Talking about escaping, please read Cybergandhi’s post on “Zillion Reasons to Escape From India”. The longest lines outside foreign consulates are seen in India and over a million Indians “escape from Shining India” each year making the Indian diaspora the largest in the world.

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  • naeem khan Manhattan,Ks
    Dec 10, 2012 - 8:59PM

    You neglected to mention the rampant corruption, incompetence of the outfit in Islamabad and their violation and complete disregard to uphold the laws of the land. What we have failed to understand in the US is who is running the government and what type of government Pakistan has, is it Presidential or Parliamentary? Please someone enlighten us.

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  • Raza Khan
    Dec 10, 2012 - 9:18PM

    Allah will come to help us! No need to worry.

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  • naeem khan Manhattan,Ks
    Dec 10, 2012 - 9:20PM

    @BruteForce: I failed to understand why do you even scan Pakistani papers, it seems you spew venom at Pakistan every chance you get, we do criticize ourselves. Do you have any regular job because I for one don’t have enough time to be writing and reading the Pakistani papers. Are you paid by some one in India to be so critical and hateful toward Pakistan and as a matter of fact people like you make our stance harder toward India.Nothing is so Hunky Dori in India, millions live under poverty and rampant human violations are committed daily in Kashmir, Assam and Gujrat by the Indian security.For once look into your own backyard.

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  • Imtiaz
    Dec 10, 2012 - 9:41PM

    At the business school they taught me to attach a risk premium to any venture. If I want to investment back home I would want a big risk premium for cover the corruption, political problems terrorism and lack of rule of law. Sure Pakistan has potential but is also very risky. That is why multinationals are not queuing up to investment in Pakistan. That is why I am wary of investing. Please tell the how many overseas Pakistanis who are investing big in Pakistan. They know Pakistan the best.

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  • Maula Jut
    Dec 10, 2012 - 9:51PM

    Indians found a new way of bombarding Pakistan. It is via Express Tribune.
    Now they are even taking up names like Humaira.
    When will you wake up dear moderator?
    The stink is all over the place.

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  • Dec 10, 2012 - 10:17PM

    @naeem: “I failed to understand why do you even scan Pakistani papers, it seems you spew venom at Pakistan every chance you get”

    In addition to the world’s largest population of poor, hungry and illiterates, India also has the dubious distinction of being home to the world’s largest population of trolls, the cyber coolies whose sole aim is to attack Pakistan in cyberspace.

    http://www.riazhaq.com/2010/07/indian-it-sweatshops-exploiting-cyber.html

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  • syed
    Dec 12, 2012 - 11:09PM

    “The only reason why so many people are being killed is that they profess a different faith than the one to which the killers subscribe”.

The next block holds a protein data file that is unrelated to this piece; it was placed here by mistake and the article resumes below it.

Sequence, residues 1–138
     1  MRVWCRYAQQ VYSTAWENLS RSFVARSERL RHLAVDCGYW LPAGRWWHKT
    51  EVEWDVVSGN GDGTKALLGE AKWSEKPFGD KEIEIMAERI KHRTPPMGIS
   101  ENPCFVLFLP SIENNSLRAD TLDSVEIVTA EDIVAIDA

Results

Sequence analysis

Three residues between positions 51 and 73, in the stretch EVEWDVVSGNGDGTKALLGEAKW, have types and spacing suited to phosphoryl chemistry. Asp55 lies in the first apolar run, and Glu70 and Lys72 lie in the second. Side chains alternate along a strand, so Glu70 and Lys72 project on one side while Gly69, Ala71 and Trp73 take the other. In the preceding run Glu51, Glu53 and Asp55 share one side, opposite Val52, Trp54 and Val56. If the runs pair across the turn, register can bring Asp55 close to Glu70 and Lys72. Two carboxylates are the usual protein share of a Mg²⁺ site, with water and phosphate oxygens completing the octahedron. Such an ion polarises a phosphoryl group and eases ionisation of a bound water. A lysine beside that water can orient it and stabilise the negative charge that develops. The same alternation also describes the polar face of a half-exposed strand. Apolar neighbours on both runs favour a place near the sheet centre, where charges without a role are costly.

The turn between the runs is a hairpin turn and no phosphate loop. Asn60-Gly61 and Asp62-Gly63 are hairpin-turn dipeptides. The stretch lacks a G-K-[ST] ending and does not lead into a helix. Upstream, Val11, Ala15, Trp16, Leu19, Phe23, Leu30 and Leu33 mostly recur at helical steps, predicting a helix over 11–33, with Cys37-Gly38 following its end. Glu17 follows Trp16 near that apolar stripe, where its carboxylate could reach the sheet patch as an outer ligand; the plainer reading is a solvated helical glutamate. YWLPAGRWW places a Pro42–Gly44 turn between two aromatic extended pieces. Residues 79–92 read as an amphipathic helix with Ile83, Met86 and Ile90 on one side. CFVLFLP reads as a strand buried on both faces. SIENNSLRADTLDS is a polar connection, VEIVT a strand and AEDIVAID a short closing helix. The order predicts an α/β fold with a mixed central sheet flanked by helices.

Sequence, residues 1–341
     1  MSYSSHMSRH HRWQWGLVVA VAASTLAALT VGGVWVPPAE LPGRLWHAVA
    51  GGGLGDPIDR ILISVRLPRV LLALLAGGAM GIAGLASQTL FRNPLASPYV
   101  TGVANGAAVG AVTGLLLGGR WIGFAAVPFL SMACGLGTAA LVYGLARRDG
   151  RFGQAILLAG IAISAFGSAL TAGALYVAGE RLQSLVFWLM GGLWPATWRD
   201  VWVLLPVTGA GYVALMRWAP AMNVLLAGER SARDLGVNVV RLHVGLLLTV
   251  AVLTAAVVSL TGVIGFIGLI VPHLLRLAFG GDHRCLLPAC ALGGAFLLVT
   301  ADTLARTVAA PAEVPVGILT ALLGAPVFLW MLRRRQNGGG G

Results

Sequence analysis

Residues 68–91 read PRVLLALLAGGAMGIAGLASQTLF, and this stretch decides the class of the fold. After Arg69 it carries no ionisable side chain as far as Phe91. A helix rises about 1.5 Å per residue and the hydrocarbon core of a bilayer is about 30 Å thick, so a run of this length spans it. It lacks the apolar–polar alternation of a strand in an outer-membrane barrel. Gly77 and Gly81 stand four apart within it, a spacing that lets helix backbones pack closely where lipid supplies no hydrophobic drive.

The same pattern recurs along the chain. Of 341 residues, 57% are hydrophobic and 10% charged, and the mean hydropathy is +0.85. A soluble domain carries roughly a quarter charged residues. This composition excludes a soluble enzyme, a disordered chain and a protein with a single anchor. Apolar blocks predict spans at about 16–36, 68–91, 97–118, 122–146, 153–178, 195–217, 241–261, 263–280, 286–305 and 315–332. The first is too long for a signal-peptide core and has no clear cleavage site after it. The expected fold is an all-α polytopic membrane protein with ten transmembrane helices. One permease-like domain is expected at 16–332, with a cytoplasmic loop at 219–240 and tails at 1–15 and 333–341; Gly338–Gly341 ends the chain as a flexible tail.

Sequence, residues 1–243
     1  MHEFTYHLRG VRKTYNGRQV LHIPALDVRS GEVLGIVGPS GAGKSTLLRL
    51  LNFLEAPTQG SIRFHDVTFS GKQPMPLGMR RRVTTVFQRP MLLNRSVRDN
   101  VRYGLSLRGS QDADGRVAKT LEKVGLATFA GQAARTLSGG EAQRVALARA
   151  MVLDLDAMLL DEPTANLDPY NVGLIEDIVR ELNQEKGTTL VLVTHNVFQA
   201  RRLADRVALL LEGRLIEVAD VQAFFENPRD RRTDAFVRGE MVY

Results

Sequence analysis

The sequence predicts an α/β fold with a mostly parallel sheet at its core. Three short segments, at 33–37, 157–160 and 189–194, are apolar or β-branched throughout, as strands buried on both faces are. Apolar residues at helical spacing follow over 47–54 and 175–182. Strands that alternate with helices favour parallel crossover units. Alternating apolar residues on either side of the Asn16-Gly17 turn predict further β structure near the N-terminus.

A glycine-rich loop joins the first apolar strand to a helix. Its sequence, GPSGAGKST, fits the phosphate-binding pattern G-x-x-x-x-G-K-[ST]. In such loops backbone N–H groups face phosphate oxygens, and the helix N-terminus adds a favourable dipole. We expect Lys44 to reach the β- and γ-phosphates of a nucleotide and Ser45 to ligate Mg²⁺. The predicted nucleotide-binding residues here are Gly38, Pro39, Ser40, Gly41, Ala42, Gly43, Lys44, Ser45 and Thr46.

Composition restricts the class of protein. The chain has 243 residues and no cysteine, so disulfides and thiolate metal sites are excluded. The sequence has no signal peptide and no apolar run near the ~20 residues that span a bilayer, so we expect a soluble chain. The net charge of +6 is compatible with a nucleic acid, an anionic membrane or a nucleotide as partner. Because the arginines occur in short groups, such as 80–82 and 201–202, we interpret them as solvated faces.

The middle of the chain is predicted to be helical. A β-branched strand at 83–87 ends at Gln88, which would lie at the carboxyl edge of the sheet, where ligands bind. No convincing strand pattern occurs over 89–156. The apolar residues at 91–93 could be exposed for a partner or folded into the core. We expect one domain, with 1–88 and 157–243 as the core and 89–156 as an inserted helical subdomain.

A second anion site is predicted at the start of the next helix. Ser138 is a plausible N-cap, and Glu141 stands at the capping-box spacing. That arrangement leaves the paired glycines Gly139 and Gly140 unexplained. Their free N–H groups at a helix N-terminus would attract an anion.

different faith?? are you kidding here?

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  • Awais
    Dec 12, 2012 - 11:30PM

    Well thanks to the NY Times and The Economist you Sir have finally realized that theres sectarion violence and ruthless killings of minoroties. You can attribute that to your hero Gen Zia that you praised so much in the past. I’d like to know your views about his policies today. Have they changed or are you still an avid fan?

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  • Dec 14, 2012 - 1:07AM

    It is Burki and his generation of Babu’s who have put Pakistan in the mess it is in. At least have the courage to admit you were on the wrong side of history with the worst of the worst.

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  • naz
    Dec 31, 2012 - 11:35AM

    @Riaz Haq:

    Riaz you are right. It’s not possible to divorce… but you can marry and screw Pakistan… Give it aid and aid and aid and make it aid dependant nation. No wealth generated, no great businesses, no great education centers… only saudi funded salafi madarassah’s and perhaps a LUMS liek center that is far away for the common man….

    This will create an eternal servile class of people who wil lwork for thier master. Today it will be US , tomorrow Germany or China or even UK again after a ‘so caleld freedom’ from Britain 65 yrs ago….

    We wil be gaurding the weapons site and one day the masters will be fed up so much that they wil lstart dismantlign the weapons. Once that is done…there is no divorce.. it will be natural separation…. They imagine what will happen to our country. You are thiking like typoical Army mentality… short term tactical victory but missing hte larger strategy in the long run.

    It is typically inherent in our polity to think liek this… e.g. Kargil, we won tactically but had to vacate….in 1971, we won few battle… but lost half country, in 1965, we won a few battle… but lost in the long run…..

    I think we need to grow up and start thiking of buildign our country with its inherent strengths’s Keep religion out for another 25 years form public ( POLITICAL) life…. and then work hard for this….

    I cant see my grandchildren eating breadcrumbs thrown from some missionary organization thatwill serivce us when we are an AID dependant nation……

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  • naz
    Dec 31, 2012 - 11:48AM

    @Riaz Haq:

    The milion people going outside… dont plot bombs in subways or blow up other places in the name of jihad… They are defginitely a self service piece. They may sometime bring back some remittence… But mind you, they are a soft power somewhere… makign godo name for a country of thier origin… Why do you think many pakistani’s preferred callign them indian after Sept 9,2011 ???????????